2. To artc--I have a brand new battery and battery ignition. I'll try the test. But I have on order an analog meter with a band for small amounts of current. Would I set it on milliamps and connect the leads between neg batt terminals and groundwire? Or would it get shorted out? I think that is the test Jay Smith mentioned.
3. To Jay Smith (see #2 above). Brillman has a new catalog out. He has electrical equipment for all sorts of old tractors, trucks and cars. Email is Info@brillman.com
. Web site is www.brillman.com
I learned of him from this forum.
Mon Feb 17, 2014 5:22 pm
charlesellis wrote:I have on order an analog meter with a band for small amounts of current. Would I set it on milliamps and connect the leads between neg batt terminals and groundwire?
Use the 20 amp terminals on the multimeter. You can also use a digital multimeter. You are initially looking for a significant amp draw, enough to run down the battery in a short time.
Actually, depending on which style test light you have. Use a test light first before installing a multimeter. You will blow the multimeter's fuse if the amp draw is more than the meter's limit. Surprisingly, the replacement fuse may cost more than the multimeter.
Mon Feb 17, 2014 11:13 pm
Question 1 you are correct.
Question 2 Not enough info about the way the one wire alternator harness is made to give an answer.
2A. One wire alternator is hooked to? Battery cable at starter - Ammeter then back to starter - ammeter then on to battery - somewhere else.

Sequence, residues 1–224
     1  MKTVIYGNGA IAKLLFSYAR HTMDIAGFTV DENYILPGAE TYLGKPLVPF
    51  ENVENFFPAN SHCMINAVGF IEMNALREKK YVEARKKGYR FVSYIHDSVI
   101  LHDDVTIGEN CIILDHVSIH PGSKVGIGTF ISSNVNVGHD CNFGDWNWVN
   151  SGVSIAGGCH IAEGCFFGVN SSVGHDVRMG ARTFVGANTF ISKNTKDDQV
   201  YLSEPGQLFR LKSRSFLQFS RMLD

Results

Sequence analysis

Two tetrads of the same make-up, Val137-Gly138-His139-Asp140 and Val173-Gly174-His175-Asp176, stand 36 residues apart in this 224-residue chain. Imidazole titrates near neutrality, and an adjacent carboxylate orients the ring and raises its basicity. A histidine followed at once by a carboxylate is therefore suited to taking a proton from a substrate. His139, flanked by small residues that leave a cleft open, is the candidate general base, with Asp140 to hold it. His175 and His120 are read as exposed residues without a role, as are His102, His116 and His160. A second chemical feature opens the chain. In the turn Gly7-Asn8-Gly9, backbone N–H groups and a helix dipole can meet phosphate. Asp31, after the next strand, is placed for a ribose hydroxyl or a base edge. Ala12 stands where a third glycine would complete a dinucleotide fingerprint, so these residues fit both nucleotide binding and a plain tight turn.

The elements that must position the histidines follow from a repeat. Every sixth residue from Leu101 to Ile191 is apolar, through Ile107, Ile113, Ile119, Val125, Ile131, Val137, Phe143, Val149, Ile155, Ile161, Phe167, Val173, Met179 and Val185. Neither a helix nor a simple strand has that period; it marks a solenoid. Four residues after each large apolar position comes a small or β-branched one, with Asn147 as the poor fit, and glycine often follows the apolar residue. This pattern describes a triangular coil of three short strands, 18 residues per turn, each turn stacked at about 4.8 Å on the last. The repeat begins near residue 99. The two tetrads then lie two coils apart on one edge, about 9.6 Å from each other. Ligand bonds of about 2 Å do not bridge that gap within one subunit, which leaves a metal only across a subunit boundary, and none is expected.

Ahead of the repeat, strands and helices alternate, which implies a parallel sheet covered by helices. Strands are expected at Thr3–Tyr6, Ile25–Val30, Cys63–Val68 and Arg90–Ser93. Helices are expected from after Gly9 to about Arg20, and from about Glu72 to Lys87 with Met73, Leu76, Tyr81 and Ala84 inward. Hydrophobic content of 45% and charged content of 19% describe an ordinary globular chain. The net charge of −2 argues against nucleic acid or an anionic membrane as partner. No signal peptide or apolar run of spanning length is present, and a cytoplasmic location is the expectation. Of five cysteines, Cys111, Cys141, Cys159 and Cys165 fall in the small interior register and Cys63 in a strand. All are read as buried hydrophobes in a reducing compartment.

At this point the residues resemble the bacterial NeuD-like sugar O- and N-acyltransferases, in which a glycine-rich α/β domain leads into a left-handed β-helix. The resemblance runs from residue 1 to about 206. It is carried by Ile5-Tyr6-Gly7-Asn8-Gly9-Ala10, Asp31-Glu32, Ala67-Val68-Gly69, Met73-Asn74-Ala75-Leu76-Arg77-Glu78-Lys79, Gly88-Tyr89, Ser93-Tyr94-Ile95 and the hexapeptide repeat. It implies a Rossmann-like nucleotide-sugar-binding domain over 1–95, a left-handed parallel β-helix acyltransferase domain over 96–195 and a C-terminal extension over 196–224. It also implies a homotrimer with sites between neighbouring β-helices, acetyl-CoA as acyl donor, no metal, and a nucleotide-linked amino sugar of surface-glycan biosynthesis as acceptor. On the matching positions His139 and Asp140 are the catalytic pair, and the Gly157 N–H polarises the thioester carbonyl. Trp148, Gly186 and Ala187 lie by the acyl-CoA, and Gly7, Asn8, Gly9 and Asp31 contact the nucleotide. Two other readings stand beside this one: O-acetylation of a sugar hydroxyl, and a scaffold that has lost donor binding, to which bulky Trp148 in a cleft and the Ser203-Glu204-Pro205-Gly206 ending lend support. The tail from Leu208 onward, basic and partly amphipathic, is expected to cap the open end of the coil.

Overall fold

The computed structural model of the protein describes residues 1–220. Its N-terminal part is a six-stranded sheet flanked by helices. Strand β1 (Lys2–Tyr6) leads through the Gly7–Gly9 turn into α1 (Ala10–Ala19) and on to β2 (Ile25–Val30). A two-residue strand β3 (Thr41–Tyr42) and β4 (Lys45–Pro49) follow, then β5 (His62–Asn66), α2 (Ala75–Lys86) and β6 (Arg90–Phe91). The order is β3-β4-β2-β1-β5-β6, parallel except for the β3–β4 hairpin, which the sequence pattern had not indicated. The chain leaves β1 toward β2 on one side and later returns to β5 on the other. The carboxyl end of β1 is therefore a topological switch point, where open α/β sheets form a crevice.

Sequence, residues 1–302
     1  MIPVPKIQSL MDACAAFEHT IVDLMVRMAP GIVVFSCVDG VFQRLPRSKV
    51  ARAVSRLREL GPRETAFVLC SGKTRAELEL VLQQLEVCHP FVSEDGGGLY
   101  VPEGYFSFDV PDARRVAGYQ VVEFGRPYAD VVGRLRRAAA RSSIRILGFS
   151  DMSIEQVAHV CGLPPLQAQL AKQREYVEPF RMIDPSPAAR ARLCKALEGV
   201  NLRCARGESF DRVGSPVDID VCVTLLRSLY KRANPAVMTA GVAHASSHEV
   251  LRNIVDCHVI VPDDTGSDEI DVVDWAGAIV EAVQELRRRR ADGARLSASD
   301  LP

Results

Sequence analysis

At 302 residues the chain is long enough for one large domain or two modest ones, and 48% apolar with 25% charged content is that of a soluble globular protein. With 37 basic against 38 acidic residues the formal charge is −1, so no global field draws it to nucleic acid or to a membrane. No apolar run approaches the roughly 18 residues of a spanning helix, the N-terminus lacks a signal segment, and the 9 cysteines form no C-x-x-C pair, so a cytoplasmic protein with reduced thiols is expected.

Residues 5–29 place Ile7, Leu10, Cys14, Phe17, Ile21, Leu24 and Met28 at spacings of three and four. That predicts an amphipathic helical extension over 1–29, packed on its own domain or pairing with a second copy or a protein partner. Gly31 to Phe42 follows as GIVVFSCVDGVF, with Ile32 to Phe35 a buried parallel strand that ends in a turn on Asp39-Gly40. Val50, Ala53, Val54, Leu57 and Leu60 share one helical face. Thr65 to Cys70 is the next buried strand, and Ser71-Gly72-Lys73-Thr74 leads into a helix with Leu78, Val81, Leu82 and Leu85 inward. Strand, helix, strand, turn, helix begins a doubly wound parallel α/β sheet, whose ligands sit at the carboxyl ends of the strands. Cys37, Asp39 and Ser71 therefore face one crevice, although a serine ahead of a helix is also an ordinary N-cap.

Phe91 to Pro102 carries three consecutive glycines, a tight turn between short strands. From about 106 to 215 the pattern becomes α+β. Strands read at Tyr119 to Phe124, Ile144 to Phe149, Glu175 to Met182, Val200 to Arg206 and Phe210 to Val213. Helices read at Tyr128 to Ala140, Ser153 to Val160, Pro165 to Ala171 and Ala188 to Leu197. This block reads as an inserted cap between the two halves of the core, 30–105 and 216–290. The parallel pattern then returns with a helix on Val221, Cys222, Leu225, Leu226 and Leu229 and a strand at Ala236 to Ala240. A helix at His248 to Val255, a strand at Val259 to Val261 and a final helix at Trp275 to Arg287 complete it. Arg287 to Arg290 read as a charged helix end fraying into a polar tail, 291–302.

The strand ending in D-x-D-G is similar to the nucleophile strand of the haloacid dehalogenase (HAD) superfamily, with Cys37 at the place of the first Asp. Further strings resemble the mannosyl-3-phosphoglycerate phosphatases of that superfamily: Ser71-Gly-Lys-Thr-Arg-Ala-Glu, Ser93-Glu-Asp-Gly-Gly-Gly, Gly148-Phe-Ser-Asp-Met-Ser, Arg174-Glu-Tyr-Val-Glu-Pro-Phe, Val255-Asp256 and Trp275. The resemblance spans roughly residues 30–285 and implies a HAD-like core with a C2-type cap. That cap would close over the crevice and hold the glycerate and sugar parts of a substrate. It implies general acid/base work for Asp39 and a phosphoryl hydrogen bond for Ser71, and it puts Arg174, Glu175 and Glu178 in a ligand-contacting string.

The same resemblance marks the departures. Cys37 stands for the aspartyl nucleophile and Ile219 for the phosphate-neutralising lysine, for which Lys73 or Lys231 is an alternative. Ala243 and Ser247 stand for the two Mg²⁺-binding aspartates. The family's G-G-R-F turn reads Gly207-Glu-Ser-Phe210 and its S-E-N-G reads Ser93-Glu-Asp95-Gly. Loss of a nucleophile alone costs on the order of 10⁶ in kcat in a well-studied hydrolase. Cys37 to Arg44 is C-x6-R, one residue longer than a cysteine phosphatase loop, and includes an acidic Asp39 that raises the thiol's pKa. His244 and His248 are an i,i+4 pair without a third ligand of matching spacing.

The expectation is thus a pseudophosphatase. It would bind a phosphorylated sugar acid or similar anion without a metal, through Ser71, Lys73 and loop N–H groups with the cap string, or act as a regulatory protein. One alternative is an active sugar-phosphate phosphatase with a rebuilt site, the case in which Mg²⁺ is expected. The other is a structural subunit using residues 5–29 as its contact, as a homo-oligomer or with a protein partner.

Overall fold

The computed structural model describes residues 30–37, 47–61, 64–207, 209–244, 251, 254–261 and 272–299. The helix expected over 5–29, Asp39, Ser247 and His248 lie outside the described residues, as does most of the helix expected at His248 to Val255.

2B. Where is the ignition kill switch getting power from now with the one wire alternator? What else if anything is connected to the input on the kill switch? The other wire on the ignition switch going to the coil is hooked to the pos or neg teminal?
2C. Light switch is hooked to a fuse which gets power from a connection to the ?
Like-em-all wrote:....... Try all that again with the coil-to-distributor wire disconnected and isolated.
What is result of test 2 with ignition switch/coil wire disconnected from coil?
Tue Feb 18, 2014 7:17 am
Did Brillman provide a wiring diagram with the harness?
If so, post a copy of the wiring diagram.
Tue Feb 18, 2014 9:02 am
Brillman did not provide a wiring diagram. Instead, each wire had a number attached. A sheet said what number to attach to each place on the tractor. That's why I'm not sure how to answer Scrivit's questions (Feb. 18) without sitting down with the tractor in front of me. In the meantime I have attached a kill switch to the positive terminal of the battery and a trickle charger.